Development Control Regulations (DCRs), introduced in Mumbai following India’s 1990 economic liberalisation, have famously targeted defunct mills, declared slums and tenements, and dilapidated structures for conversion. Recent amendments now incentivise large infrastructure projects, private car parks, and corporate IT Parks with profitable FSI bonuses.
In sea-locked Mumbai, builders and real estate financiers speculate on marginal categories since they have already extracted wealth from the early highs of the 1990s and early 2000s. Financiers pitch for investment to target the city’s 13,838 acres of mangrove swamps, 5,379 acres of saltpans, 1,780 acres of Mumbai Port Trust land, 756 acres of declared slums, and 247 acres of coastal land – with often devastating consequences for the environment. The destruction of mangrove forests and hardening of the coast have reduced the city’s ability to drain stormwater, increasing the prevalence and damage of flooding as witnessed in the devastating 2005, 2017, and 2019 monsoon seasons.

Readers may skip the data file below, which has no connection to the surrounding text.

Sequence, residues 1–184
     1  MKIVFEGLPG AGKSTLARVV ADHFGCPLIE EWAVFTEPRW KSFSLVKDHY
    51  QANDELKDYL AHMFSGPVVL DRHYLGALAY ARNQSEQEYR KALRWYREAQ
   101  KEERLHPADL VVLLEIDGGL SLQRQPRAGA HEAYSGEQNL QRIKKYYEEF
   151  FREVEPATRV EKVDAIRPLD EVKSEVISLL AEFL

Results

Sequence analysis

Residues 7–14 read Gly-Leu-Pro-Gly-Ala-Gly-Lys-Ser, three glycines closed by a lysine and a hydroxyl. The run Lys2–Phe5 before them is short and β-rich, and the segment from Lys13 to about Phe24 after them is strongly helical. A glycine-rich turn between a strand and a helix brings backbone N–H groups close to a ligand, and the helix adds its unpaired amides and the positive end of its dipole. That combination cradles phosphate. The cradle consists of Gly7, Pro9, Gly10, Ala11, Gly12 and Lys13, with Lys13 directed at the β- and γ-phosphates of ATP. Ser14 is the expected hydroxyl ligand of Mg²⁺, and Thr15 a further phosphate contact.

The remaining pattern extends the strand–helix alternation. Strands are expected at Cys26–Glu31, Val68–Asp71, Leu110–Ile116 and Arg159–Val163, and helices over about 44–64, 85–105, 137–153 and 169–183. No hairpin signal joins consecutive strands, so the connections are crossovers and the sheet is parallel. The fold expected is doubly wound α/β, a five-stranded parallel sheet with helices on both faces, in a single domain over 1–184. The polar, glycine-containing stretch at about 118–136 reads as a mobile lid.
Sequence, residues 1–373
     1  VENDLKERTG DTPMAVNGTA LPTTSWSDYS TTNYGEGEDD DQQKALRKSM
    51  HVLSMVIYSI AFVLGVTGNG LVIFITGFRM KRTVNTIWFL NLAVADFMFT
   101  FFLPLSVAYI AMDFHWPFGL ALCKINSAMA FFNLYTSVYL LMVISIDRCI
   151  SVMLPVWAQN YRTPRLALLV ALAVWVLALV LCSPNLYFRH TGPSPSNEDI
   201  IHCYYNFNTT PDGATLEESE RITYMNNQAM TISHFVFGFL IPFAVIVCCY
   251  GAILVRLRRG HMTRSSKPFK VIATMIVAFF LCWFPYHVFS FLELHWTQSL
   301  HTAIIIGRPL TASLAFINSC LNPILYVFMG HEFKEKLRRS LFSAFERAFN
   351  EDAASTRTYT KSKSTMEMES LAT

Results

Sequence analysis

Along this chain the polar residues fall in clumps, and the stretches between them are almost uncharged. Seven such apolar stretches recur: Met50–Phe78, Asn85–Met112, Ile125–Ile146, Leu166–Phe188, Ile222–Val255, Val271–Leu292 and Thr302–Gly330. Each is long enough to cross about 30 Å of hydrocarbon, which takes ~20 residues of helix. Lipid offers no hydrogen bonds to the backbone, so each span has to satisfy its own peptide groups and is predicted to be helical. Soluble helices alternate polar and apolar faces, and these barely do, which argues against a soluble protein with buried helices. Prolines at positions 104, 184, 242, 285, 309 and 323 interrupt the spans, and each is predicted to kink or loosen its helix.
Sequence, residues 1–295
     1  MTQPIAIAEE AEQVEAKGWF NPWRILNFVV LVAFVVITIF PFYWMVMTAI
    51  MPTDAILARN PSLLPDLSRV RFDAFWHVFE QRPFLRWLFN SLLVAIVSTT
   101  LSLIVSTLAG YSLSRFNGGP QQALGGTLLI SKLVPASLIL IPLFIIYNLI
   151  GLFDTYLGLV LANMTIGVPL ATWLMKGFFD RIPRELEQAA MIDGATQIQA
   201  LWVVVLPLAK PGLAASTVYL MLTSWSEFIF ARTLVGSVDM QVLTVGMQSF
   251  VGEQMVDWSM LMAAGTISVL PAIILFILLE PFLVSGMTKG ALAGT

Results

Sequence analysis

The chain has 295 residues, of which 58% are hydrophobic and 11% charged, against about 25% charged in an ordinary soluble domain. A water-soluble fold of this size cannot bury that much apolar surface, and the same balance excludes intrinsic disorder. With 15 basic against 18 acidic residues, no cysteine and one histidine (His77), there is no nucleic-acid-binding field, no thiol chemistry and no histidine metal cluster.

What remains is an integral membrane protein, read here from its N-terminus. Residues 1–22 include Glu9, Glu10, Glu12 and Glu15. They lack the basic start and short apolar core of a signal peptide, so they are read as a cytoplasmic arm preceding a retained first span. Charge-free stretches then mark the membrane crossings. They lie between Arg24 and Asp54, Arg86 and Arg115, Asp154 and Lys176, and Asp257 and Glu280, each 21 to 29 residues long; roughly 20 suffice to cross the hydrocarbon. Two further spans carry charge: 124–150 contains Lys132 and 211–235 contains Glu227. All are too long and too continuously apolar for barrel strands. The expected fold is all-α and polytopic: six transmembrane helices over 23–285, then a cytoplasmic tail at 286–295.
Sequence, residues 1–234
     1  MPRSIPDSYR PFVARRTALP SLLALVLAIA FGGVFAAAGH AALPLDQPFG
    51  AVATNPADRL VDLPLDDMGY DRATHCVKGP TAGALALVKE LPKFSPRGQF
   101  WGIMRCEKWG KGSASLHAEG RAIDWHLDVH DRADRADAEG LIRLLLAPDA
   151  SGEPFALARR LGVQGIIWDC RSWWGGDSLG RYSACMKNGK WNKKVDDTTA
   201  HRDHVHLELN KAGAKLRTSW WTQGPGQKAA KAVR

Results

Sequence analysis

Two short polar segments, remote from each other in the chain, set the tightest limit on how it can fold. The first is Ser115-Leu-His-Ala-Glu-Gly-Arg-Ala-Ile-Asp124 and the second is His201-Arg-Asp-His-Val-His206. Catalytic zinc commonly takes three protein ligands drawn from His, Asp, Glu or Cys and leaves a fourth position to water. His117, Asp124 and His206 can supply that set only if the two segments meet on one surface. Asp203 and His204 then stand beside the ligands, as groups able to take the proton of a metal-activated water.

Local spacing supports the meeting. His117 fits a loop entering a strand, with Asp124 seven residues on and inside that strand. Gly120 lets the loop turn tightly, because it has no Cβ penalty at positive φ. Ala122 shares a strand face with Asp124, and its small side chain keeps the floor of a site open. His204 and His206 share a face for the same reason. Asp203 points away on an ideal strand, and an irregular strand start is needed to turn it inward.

Three specific zones within Mumbai – Dharavi, M East ward and Dahisar – are frontiers where slums persist as a pattern for coastal urbanisation in the city’s history as a trading, industrial, and financialised engine for economic growth. Much coastal settlement lies within three metres of either the groundwater table or sea level, placing most of the city’s estimated 20 million population at high risk of disappearance in this century as sea levels rise.